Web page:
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article imageGreek police probing security failures in attack on ex-PM

By AFP     May 26, 2017 in World

Greek police on Friday sought to determine how a letter bomb wounded former prime minister Lucas Papademos despite security checks that were allegedly beefed up after a wave of similar attacks in March.

"We want to determine whether security procedures were followed," a police source told AFP, hours after Papademos and two guards were injured by the bomb that exploded as they rode in an armoured car in Athens.

"The fact that the attackers managed to get past security is worrying," the source said, adding that experts were trying to determine the nature of explosive used.

Papademos sustained superficial injuries to the chest, abdomen and legs, Evangelismos Hospital in Athens said, after he apparently opened his mail whilst riding in the car.

The 69-year-old economist was in stable condition but is expected to remain in intensive care for at least two days, doctors said.

The police source said the attack was "largely symbolic" given Papademos' injuries despite his proximity to the letter bomb.

Forensic experts search for evidence in and around the car of Greek former prime minister Lucas Papa...
Forensic experts search for evidence in and around the car of Greek former prime minister Lucas Papademos in Athens on May 25, 2017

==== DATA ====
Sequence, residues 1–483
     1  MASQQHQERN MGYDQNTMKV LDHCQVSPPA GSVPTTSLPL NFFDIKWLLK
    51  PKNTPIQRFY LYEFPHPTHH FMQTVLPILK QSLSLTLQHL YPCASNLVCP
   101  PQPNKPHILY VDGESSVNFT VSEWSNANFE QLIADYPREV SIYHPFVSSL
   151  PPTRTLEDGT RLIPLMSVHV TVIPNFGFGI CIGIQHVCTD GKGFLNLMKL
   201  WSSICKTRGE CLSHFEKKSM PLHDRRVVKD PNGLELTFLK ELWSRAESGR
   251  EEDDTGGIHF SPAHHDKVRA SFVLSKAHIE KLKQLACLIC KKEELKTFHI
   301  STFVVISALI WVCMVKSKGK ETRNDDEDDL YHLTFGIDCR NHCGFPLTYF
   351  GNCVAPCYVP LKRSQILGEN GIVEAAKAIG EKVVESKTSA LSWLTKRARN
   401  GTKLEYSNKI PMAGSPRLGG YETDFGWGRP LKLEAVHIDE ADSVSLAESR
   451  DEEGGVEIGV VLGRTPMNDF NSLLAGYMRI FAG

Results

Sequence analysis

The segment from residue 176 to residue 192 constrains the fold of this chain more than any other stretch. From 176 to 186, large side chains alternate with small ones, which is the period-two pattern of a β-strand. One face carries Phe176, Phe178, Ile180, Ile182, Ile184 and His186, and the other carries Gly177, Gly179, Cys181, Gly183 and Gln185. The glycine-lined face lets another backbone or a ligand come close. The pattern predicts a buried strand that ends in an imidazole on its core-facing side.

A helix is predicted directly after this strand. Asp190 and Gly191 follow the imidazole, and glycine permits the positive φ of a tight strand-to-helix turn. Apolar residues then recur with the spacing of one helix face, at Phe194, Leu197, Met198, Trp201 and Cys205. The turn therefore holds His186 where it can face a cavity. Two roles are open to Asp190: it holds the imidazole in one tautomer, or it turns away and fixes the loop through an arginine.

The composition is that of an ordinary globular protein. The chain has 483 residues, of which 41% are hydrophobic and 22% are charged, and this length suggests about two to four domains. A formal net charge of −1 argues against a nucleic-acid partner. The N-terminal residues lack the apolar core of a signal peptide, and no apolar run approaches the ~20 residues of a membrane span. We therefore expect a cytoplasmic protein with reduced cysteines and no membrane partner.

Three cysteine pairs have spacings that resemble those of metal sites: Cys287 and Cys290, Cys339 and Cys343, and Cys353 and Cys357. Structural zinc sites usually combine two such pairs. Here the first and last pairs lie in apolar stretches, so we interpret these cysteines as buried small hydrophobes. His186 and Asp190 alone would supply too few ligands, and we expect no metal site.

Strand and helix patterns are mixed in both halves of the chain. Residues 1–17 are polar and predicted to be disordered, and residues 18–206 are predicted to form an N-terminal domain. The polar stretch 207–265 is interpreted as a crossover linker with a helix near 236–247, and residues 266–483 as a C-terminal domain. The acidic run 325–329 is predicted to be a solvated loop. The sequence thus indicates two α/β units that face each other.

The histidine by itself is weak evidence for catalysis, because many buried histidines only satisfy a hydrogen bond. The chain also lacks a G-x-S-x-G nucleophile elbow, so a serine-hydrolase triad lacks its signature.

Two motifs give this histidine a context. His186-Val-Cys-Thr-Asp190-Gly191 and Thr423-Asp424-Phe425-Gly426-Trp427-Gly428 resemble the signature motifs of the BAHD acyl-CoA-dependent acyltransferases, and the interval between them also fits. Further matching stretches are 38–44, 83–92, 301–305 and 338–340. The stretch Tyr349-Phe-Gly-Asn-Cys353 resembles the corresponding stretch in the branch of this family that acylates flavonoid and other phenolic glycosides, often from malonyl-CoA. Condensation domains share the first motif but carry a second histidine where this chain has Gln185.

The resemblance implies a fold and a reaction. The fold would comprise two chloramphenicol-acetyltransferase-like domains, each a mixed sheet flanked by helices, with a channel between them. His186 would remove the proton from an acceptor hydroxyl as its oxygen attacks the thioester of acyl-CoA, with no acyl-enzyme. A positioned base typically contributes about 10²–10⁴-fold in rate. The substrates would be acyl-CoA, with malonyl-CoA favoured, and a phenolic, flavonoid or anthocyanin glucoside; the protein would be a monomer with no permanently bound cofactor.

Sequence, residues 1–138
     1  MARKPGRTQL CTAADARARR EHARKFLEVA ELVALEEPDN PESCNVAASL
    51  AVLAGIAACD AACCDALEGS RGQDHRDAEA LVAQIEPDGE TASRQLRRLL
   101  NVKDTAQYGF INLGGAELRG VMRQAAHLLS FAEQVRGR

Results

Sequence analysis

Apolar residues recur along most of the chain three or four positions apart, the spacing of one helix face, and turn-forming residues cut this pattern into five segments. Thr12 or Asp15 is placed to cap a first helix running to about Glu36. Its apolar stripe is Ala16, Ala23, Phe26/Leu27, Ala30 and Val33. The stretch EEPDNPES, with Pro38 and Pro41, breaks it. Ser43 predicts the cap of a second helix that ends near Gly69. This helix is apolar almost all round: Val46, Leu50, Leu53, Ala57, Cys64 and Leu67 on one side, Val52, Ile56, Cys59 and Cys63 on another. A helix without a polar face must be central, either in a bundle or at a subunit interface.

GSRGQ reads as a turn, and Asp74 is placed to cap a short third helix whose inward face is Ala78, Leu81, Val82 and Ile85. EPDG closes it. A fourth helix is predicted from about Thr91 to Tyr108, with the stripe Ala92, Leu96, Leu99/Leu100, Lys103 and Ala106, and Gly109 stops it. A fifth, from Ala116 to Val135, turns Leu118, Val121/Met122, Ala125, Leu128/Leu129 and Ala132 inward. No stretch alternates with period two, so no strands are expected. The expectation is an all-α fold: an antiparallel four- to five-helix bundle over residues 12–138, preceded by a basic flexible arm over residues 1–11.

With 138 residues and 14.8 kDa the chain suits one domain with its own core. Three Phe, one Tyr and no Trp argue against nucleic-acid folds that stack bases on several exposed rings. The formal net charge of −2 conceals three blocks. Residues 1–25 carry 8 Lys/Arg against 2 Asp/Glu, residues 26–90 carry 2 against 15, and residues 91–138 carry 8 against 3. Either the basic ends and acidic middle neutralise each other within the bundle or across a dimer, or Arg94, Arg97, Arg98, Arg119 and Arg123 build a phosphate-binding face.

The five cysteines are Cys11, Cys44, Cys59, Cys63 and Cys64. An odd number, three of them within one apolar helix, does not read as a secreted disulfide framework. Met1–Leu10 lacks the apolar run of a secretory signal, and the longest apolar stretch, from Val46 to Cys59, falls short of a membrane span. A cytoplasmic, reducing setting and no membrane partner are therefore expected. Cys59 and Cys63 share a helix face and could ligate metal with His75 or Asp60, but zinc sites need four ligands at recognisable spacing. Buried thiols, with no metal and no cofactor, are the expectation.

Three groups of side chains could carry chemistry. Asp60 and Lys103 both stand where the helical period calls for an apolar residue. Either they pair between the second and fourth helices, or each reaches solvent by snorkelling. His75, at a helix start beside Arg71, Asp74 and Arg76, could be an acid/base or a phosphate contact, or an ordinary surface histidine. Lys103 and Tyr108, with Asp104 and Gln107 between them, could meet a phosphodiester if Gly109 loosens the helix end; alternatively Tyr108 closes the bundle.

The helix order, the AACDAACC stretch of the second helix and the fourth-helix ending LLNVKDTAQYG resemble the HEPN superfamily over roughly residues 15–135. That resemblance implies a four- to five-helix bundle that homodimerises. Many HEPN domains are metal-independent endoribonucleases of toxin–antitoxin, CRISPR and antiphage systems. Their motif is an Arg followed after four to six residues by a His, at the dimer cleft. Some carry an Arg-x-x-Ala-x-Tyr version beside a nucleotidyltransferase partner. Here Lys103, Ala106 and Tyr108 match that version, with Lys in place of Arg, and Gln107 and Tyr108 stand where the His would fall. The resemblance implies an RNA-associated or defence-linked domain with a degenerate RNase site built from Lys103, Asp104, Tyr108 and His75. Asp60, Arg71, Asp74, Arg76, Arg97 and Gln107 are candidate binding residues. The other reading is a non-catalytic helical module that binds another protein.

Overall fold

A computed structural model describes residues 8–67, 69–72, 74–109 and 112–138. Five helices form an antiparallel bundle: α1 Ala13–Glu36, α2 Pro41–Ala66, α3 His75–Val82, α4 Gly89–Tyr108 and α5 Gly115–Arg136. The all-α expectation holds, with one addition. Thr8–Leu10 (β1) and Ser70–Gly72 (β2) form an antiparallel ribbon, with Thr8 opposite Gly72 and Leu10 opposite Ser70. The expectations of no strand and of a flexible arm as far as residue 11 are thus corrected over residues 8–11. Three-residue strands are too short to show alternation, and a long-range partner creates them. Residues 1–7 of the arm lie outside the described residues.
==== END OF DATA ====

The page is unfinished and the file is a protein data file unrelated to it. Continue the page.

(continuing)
Angelos Tzortzinis, AFP

Calls have already gone out to individuals who could be potential targets to boost security, and to the Greek postal service to step up searches for other similar devices.

Leaders of all parties and former prime ministers condemned the attack, the first against an incumbent or former leader in decades.

The methodology is similar to that used by Conspiracy of Fire Nuclei, a domestic far-left group which in March mailed a letter bomb that injured a secretary at the International Monetary Fund in Paris.

The group had earlier claimed responsibility for an explosive device, also sent from Greece, that was discovered by the police at the offices of German Finance Minister Wolfgang Schaeuble.

The bombs contained gunpowder used in firecrackers, police said.

In 2011, several of its members, many of whom were very young, were convicted of "participating in a criminal organisation" and given long prison sentences.

Greek former prime minister Lucas Papademos  pictured in 2012  was rushed to hospital after an explo...
Greek former prime minister Lucas Papademos, pictured in 2012, was rushed to hospital after an explosive went off inside his car
LOUISA GOULIAMAKI, AFP/File

But three years later the group announced its return and has since committed sporadic attacks.

Papademos served as prime minister from November 2011 to May 2012 after the resignation of George Papandreou's socialist government, steering a batch of austerity measures through parliament before stepping down for elections to be held.

In 2012, Papademos's government negotiated a huge write-down of the country's privately held debt.

The move was widely criticised at the time, as Greek social insurance funds lost millions of euros in the process.

Papademos also drew fire for letting members of a far-right party join his coalition government.

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